Bright: I write of course thinking of women as illustrations. But I think that a man could benefit as easily as a woman. I think because I am a woman I have those thoughts more in mind of the kind of things she faces. But the principles are the same whether they are written for a man or woman.
CP: Can you talk about why you and Bill decided to sign a “slave contract” to God in the early days of your ministry? How did this contract shape the way you think and act?
Bright: Bill began talking about being a slave of Jesus. I was just a brand new Christian and that seemed pretty risky to me. We are told in Romans that we are slaves. Paul said that when we become Christians we become a slave of Christ. He felt that he wanted to be a slave and he wanted me to be a slave too. He would like for us to be slaves together (laughs).
It came about as a result of an argument we had after Bill left me in the car at Hollywood Presbyterian Church. He told me that he was going to be dealing with a problem after which he would go meet me in the balcony where we usually sit for service.
I waited and I waited and I waited for a long time (in the car after service when he did not meet her in the balcony and was nowhere to be found). It was long enough for me to be warm and was long enough for me to be upset because I was left without knowing where he was. It was very inconsiderate. I was a little hot under the cover and not appreciative of how I was treated.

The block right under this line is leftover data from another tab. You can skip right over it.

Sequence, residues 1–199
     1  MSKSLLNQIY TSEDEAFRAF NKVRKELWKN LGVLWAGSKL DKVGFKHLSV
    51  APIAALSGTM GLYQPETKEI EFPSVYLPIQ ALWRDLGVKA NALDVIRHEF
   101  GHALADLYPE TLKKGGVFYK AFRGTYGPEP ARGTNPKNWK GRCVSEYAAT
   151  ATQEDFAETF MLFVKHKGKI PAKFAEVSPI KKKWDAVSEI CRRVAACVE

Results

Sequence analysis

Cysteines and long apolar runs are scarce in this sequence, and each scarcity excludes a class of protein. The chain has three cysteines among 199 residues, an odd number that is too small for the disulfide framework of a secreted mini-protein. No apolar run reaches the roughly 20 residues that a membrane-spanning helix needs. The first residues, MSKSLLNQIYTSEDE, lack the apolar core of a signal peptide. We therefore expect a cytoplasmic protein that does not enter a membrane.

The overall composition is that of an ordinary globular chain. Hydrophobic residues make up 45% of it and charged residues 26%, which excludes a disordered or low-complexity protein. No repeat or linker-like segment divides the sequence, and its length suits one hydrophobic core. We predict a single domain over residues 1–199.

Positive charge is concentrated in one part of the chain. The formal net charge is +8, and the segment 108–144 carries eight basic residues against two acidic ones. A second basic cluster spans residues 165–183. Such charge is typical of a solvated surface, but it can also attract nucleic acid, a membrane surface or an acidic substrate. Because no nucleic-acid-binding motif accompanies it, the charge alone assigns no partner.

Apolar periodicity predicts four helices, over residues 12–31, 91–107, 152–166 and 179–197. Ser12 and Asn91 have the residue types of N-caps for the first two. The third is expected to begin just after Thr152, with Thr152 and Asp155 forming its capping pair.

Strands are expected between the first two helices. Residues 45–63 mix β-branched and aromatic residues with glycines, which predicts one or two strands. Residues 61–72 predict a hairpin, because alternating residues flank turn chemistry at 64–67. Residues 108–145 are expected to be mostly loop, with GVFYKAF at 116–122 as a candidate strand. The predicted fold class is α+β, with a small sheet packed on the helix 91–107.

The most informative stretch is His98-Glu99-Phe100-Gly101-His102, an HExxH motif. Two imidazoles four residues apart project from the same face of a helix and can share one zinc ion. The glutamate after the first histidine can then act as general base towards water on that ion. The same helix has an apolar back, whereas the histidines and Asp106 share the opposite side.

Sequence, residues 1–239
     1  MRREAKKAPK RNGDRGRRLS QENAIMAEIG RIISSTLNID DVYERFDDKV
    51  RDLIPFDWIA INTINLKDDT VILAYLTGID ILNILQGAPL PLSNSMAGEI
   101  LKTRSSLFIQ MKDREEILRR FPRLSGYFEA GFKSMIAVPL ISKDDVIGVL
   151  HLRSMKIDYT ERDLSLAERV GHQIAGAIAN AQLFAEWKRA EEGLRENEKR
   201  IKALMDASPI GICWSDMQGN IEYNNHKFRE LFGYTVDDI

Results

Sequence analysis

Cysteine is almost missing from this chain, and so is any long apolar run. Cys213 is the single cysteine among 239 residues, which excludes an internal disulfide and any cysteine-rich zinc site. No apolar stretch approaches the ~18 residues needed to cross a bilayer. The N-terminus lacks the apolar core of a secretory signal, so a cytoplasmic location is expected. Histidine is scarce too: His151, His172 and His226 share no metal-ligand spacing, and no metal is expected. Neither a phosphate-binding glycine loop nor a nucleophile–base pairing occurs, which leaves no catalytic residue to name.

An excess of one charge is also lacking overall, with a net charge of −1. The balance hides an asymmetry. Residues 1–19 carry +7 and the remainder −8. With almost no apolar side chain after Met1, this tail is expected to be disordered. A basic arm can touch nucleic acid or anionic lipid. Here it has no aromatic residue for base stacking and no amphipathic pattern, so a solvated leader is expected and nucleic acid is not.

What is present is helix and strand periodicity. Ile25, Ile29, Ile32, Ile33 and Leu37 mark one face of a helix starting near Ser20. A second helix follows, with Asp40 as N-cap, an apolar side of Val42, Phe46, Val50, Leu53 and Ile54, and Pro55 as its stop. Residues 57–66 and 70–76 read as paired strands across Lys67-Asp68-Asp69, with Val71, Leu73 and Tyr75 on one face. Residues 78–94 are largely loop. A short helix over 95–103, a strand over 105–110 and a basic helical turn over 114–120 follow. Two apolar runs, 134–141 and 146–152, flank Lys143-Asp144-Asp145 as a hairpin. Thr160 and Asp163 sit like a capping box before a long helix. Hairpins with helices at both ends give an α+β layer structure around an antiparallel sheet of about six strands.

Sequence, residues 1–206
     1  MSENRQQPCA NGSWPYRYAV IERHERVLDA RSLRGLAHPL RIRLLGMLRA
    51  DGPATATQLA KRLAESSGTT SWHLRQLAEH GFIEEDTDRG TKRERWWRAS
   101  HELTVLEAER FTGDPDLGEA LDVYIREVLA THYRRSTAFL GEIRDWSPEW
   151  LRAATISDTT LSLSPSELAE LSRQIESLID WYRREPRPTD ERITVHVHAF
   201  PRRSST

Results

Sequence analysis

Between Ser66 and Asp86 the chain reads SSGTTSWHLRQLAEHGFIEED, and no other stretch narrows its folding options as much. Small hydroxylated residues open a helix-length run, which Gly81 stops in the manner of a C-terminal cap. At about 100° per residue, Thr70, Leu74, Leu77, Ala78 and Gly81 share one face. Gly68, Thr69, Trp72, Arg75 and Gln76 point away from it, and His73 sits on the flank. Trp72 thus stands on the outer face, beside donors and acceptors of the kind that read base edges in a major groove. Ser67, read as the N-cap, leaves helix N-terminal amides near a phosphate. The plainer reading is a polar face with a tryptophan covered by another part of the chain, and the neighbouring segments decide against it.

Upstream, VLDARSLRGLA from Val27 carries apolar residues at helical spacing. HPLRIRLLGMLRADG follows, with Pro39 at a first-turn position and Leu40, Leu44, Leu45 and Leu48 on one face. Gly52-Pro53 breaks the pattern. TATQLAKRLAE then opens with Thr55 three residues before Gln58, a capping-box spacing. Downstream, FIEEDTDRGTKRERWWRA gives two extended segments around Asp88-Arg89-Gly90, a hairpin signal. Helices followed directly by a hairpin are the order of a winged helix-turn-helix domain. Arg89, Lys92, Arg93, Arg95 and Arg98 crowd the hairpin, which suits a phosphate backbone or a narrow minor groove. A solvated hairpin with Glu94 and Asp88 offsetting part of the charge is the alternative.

So we went home, we had lunch, and at the table Bill and I discussed what happened. Bill said, “You know, I’ve made many contracts in business. But I think we should sign a contract with God. Sit down and write down what exactly we want out of life and how we want our lives to count for Him. What we want from Him materially. What we want from Him spiritually. And just commit our whole selves to Him.”
So that is what we did. I went in one room and he went into the other. I thought I’d like to have one to four children. I’d like to have a second car and mine could be a Ford because it was the least expensive at that time. I wanted a lovely home that could be modest enough for someone on Skid Row to feel comfortable in, but would be lovely enough to entertain the president of the United States. Why in the world I thought about such a situation, I cannot imagine. Anyways, it was the material things that came first.
Then I talked about how I wanted our life to count for God. I wanted to be sure I was pleasing Him in every way. That our ministry together would be productive and that God would be pleased with what we were doing, and that I would be willing to commit myself totally to what God wanted us to do.